OUR VIEW: Jimmy CAN do better for Lafourche
When Jimmy Cantrelle ran for the presidency of Lafourche Parish, he said that leadership would make the difference in the path the parish takes, offering “business-like decisions applied to the running of government.”
After reviewing District Attorney Cam Morvant’s report on allegations against Cantrelle, we see little to suggest that any business person we know would wish to follow Canrelle’s example in certain matters.
Morvant did not conclude that Cantrelle’s actions in regard to raises for certain employees and choices for insurance that would cover all employees, as well as other issues before him, rose to a need for criminal action.
But that has not erased questions about whether Louisiana ethics laws have been violated, and Morvant is rightly referring to the matter to the state ethics board, finding “numerous civil service procedure violations and potentially a civil rights violation.”
Cantrelle, according to the findings, instructed Parish Administrator Reggie Bagala to call council members and tell them he wouldn’t approve renewal of the parish’s current health insurance plan, in exchange for a switch in positions between Deputy Director of Communications Caroline Eschette and Director of Communications Doug Cheramie, a $5,000 raise for Eschette and a $3,000 raise for Plans and Permits Director Tony Breaux.
The action, whether legal or not, is outrageous. Rather than act as the informed and able chief executive he told voters he would be, the parish president has acted like a goon in charge of a third-world country. There can be no mistaking that what is alleged was strong-arming plain and simple.
This is not business. This is thuggery.
Louisiana has had enough banana-republic dictators over its history in various positions of responsibility for the people to know immediately what they are dealing with when they see such behavior. Maybe to Jimmy, it appeared just a matter of skillful negotiation. But it was way too clumsy to be skillful.
Charlotte Randolph, his predecessor, took a great deal of criticism from many quarters during her tenure. But never was anything Randolph was accused of – and in most cases she was always vindicated – so mean-spirited or ill-conceived. If Cantrelle’s favored partially-self-funded plan was indeed the best choice for the parish, then finding willing accomplices to his job-assignment scheme should never have come into play as a matter to be added to the mix.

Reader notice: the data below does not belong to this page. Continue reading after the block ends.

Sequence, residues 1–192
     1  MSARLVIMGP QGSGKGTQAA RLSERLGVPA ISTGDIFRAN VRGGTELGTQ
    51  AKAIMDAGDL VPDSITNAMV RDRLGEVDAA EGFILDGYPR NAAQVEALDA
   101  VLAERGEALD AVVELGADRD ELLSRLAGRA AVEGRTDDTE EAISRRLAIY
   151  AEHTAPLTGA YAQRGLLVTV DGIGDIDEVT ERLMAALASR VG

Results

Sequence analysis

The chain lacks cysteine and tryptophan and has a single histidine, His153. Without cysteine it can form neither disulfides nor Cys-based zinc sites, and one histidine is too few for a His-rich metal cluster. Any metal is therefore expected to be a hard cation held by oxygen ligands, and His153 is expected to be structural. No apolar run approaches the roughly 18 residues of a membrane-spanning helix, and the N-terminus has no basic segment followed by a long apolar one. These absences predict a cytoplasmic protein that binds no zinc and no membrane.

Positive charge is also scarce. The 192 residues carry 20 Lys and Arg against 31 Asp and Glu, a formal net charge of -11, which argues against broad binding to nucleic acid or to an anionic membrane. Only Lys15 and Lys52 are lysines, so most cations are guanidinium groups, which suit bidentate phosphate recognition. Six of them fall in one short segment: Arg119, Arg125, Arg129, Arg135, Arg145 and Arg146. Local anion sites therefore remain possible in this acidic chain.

Morvant’s findings included a determination that former Finance and Human Resources Director Tommy Lasseigne purposefully placed an employee on the “random” drug screen list without authority. A later memo provided such authority after the fact and was a poor attempt to cover up wrong-doing.
Council member Lucy Sposito should largely be credited with bringing matters to the public eye, resulting in Morvant’s study. She should be praised and encouraged. Too often legislative office-holders are too quick to keep a matter away from the eyes of the public or authority, hoping to find a “polite resolution.”
Sposito chose to do what was right by following proper procedures and using the right channels. As a result these matters can more easily be publicly discussed.
As for Cantrelle, his refusal to speak of Morvant’s findings in any detail demonstrates lack of judgement and political character.
It will be interesting to see how the ethics board handles these matters. Cantrelle is only just completing his first year in office and has three more ahead. Hopefully he will focus on doing what is right for his parish rather than what can help expedite a power play.
He has time left to clean up his act and not let this type of bullying be the mark by which his administration is measured. To do so he must speak candidly and with truth about what actually occurred, making what apologies are necessary.
To fail this is to dig himself – and the reputation of the parish as a whole – a lot deeper.
Hopefully he will not waste time or energy criticizing those who see through the sham, but rather come clean and stay clean.
The time for a new direction in government is now.
We believe that Jimmy Cantrelle means well, and will accept that perhaps he confused resolve and political maneuvering with ill behavior. But everyone is now watching.
We know that Jimmy CAN do better. We look forward to seeing these matters resolved.. •